taiwan, day 5

We decide to give our hosts a break today and M and I jump on the subway and head down to the coastal town of Danshui—situated on the northern tip of the island where the Danshui River runs into the ocean, it's the Taiwan equivalent of Coney Island. Kind of. It doesn't have an amusement park, so without that it's really just a boardwalk with a lot of weird food on sticks. I vow to at least try the Taiwanese version of the corn dog, but M warns me off saying it's really gross.

We try to find the Red Castle, a place our guidebook says is good for lunch, but can't seem to figure out where we're at on the map. So, we end up at another place right on the river. It's our first time ordering food without our hosts and we discover how hard it is to communicate with someone who has no language in common. And, we're not good at the pantomime. At one point, I absurdly start speaking some of the little Spanish I know. I'm not really sure why, my brain just defaulted to it when I couldn't think of anything else to do. At some point we get water and a coke and finally end up with some Kung Po chicken.

After lunch we take a ferry across the river and visit the town of Bali, which sprang up due to the oyster industry here apparently. We take a walk along the river and decide we like this side better than the other just because it's a little more picturesque and much more calm. And there's a weird statue of a monkey doing Tai Chi. You can't beat that with a stick.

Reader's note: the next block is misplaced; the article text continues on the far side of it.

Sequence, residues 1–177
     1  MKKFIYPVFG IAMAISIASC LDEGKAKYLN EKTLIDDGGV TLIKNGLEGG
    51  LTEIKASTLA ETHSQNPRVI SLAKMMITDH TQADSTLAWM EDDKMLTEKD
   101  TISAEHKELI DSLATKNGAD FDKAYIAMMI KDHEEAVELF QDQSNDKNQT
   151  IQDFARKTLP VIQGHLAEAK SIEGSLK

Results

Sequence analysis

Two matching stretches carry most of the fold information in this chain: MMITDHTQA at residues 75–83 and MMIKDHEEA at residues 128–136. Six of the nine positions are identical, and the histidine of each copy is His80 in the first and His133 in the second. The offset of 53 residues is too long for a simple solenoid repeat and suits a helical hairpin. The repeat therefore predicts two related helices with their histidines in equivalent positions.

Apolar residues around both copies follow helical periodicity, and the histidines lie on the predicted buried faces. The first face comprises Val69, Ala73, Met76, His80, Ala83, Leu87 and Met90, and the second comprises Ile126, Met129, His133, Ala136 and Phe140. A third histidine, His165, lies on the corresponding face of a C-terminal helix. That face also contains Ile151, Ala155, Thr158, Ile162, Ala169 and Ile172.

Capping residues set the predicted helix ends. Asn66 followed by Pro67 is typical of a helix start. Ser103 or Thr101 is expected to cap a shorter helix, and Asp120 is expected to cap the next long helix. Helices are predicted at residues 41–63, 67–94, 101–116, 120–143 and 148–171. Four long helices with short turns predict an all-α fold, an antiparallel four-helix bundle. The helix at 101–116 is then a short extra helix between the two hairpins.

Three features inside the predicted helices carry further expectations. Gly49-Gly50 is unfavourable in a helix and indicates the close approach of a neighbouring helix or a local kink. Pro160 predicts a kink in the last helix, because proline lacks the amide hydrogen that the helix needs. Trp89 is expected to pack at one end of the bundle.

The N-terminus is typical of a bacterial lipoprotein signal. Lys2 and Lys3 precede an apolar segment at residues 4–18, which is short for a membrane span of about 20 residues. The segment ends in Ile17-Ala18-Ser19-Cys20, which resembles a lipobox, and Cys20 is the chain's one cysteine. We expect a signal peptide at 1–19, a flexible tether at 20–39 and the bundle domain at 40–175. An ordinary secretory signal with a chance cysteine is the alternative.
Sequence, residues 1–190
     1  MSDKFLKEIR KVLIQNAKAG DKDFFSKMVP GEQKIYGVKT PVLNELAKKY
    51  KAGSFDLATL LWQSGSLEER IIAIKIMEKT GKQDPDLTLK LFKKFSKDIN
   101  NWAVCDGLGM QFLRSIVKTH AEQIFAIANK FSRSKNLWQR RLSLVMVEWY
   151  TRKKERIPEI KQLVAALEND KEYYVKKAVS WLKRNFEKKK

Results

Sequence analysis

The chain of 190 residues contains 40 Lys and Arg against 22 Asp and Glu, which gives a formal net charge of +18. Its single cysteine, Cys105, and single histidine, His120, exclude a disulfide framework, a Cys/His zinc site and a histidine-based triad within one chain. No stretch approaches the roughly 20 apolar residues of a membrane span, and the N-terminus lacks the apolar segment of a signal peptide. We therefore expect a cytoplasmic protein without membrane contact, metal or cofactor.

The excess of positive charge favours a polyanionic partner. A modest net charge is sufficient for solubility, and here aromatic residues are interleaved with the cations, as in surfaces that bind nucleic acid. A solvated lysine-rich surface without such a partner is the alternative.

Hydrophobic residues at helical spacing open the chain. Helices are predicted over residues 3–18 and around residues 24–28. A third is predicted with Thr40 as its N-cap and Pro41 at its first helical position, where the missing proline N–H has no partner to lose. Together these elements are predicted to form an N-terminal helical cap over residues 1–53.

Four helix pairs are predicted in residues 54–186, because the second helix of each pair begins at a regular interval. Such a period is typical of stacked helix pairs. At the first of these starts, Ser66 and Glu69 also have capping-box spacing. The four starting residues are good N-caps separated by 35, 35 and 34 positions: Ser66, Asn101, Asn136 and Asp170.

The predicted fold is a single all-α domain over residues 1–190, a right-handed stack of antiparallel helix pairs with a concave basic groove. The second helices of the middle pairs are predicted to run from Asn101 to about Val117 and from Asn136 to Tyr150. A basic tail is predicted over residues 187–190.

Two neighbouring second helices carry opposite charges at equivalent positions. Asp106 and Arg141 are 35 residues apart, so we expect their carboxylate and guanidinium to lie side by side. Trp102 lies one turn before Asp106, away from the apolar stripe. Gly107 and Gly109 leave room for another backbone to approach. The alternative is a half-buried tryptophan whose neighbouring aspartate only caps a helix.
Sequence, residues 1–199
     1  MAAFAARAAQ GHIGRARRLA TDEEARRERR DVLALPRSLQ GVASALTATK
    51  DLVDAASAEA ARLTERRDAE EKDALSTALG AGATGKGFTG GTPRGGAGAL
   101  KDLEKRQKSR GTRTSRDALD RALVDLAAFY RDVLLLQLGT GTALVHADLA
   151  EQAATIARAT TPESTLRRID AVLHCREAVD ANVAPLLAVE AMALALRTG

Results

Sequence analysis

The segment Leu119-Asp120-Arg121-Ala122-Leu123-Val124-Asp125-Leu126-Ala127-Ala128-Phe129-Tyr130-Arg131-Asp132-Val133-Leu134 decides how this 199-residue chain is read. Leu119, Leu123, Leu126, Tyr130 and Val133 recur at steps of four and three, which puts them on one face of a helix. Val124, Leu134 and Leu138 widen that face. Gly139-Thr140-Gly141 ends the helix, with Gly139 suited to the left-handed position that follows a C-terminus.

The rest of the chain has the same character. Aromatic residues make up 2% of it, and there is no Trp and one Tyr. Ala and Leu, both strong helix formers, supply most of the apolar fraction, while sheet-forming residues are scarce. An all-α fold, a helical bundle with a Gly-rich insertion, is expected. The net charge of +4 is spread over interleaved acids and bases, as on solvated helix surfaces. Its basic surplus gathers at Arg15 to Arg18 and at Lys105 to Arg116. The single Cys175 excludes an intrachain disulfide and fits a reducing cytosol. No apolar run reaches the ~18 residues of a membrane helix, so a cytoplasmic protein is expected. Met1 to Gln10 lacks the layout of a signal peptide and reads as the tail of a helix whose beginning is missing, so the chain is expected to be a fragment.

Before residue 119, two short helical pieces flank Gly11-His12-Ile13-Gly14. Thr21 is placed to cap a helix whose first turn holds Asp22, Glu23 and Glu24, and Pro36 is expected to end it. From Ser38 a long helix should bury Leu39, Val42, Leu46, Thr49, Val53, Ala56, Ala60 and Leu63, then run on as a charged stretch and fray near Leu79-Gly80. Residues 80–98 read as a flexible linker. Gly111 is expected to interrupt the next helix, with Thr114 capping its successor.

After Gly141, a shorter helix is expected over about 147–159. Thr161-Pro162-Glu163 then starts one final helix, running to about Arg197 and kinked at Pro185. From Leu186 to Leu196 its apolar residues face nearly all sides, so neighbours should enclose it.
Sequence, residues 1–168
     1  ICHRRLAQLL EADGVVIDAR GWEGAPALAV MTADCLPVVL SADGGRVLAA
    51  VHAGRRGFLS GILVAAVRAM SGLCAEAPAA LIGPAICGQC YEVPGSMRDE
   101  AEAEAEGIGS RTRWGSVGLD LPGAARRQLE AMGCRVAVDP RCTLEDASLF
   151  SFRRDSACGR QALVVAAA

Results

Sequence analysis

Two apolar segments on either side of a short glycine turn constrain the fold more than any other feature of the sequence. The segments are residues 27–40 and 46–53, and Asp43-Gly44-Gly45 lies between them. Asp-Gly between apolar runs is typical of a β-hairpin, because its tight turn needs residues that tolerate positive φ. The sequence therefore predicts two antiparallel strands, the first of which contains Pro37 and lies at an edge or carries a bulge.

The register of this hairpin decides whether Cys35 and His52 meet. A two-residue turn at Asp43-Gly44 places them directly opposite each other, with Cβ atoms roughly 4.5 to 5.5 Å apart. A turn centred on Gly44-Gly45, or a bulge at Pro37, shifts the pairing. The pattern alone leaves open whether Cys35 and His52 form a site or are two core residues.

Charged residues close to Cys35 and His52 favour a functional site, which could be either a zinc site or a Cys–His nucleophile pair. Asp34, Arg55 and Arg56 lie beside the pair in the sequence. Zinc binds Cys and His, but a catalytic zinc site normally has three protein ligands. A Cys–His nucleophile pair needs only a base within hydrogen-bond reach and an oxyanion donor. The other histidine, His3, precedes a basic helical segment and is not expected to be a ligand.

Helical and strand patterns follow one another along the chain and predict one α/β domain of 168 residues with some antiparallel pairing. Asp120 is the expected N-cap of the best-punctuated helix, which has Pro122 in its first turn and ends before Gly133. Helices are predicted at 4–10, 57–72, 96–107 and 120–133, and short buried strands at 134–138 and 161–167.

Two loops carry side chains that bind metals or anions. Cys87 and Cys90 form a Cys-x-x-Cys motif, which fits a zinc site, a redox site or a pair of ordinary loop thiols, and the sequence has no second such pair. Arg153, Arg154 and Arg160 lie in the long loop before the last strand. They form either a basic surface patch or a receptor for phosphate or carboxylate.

Unlike in big American cities, the Taiwanese don't walk around with headphones stuck in their heads. I'm not sure why this is. It certainly can't be because they don't have access to the technology. I do better with the Chinese phrases I know today, but I still can't get used to how exposed you are in their public restrooms. The doors are basically just a wooden shutter, which makes me shudder. I hope I never, ever have to poop in public here. They use common sink areas to wash your hands, though, which are out of the bathroom proper and open to the main dining areas of the restaurants. I think this is ingenious. It would insure that people wash their hands when they're done I think.

Oh, and Chinese babies are just about the cutest things on the planet.


Mrs. Cyberhobo said...

Awesome! You are warming up to your blogging assignment! I love your observations about the Spanish taking over. I had that happen with French, in Mexico.

dylan said...

Maybe the open bathrooms are for tourist control, a sort of inverted Montezuma's revenge. How bout a picture of one of those?